“For the first two or three years after my conversion, I used to ask for specific things. Now I ask for God. Supposing there is a tree full of fruits -- you will have to go and buy or beg the fruits from the owner of the tree. Every day you would have to go for one or two fruits. But if you can make the tree your own property, then all the fruits will be your own. In the same way, if God is your own, then all things in Heaven and on earth will be your own, because He is your Father and is everything to you; otherwise you will have to go and ask like a beggar for certain things. When they are used up, you will have to ask again. So ask not for gifts but for the Giver of Gifts: not for life but for the Giver of Life -- then life and the things needed for life will be added unto you.” (Sadhu Sundar Singh)

P.S. Just so you know, the fig tree makes alot more sense when you read about what Jesus did next.

Tuesday, October 12, 2004

Habits of a Child's Heart: Raising Your Kids with the Spiritual Disciplines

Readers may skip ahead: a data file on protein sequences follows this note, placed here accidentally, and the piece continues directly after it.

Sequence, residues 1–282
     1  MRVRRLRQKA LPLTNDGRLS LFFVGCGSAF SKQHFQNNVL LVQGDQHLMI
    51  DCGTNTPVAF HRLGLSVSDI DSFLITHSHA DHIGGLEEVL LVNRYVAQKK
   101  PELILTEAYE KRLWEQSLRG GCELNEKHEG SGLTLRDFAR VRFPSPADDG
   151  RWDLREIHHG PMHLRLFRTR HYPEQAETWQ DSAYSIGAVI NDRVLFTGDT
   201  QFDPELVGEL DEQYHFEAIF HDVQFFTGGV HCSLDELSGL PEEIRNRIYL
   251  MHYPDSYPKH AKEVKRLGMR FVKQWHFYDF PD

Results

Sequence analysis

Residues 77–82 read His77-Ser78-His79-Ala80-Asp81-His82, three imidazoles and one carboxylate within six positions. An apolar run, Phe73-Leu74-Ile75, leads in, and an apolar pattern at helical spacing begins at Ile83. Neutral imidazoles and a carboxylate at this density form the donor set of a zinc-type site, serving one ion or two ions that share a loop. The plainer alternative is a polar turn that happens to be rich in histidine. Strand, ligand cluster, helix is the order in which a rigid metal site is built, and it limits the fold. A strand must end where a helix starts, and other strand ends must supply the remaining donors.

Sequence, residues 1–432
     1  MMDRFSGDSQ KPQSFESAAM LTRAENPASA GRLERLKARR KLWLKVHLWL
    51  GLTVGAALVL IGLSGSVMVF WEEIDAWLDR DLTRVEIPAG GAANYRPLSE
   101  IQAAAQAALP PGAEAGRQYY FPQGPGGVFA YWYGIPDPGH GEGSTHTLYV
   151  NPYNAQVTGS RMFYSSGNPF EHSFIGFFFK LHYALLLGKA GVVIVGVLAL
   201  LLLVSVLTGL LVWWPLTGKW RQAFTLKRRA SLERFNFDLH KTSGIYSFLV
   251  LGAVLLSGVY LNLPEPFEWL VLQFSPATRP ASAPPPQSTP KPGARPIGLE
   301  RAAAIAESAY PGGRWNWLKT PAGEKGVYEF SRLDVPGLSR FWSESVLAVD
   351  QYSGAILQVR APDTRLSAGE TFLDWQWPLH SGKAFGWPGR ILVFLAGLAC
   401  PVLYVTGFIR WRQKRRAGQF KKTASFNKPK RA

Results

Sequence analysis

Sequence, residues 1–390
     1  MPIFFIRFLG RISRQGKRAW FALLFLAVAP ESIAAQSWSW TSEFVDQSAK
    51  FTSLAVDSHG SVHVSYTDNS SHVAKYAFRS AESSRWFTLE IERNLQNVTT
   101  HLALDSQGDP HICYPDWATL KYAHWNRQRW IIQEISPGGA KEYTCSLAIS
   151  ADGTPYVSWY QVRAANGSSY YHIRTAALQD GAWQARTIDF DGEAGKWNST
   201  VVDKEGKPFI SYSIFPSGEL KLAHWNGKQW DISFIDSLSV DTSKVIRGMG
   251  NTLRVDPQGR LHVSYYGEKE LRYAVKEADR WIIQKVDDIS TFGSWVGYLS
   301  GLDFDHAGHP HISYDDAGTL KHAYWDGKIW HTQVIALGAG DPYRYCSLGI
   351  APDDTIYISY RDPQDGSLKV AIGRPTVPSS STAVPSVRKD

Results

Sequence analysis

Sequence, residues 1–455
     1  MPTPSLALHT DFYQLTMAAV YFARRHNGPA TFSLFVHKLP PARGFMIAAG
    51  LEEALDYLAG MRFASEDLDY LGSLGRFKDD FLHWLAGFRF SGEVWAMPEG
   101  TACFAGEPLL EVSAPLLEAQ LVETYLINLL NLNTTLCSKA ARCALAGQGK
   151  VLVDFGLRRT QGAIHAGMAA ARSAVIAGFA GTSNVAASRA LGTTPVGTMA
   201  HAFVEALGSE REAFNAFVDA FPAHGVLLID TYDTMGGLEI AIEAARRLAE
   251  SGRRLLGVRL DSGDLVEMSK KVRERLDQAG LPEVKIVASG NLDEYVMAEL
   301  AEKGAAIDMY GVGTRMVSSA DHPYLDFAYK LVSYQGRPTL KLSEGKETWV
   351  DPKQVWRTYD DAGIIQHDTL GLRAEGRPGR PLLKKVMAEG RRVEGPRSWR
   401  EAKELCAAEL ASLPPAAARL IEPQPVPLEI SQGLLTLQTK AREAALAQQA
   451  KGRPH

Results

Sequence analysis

New Book alert - Habits of a Child's Heart: Raising Your Kids with the Spiritual Disciplines

I haven't read this but I think I want to. If anyone has then let me know what you think.


And if you want to see my wish list of books here it is.

Did Paul really mean it when he said...

"Bless those who persecute you; bless and do not curse. Rejoice with those who rejoice; mourn with those who mourn. Live in harmony with one another. Do not be proud, but be willing to associate with people of low position. Do not be conceited. Do not repay anyone evil for evil. Be careful to do what is right in the eyes of everybody. If it is possible, as far as it depends on you, live at peace with everyone. Do not take revenge, my friends, but leave room for God's wrath, for it is written: 'It is mine to avenge; I will repay,' says the Lord. On the contrary: 'If your enemy is hungry, feed him; if he is thirsty, give him something to drink. In doing this, you will heap burning coals on his head.' Do not be overcome by evil, but overcome evil with good." (Romans 12:14-21)

I took the time to read over this slowly and let the words sink in. It occured to me that if we really lived out what Paul is calling us to that we would have trouble living in society. We would be seen as strange. Radicals. Did Paul really mean it? And what does that mean for us?

An excellent article, worth the read...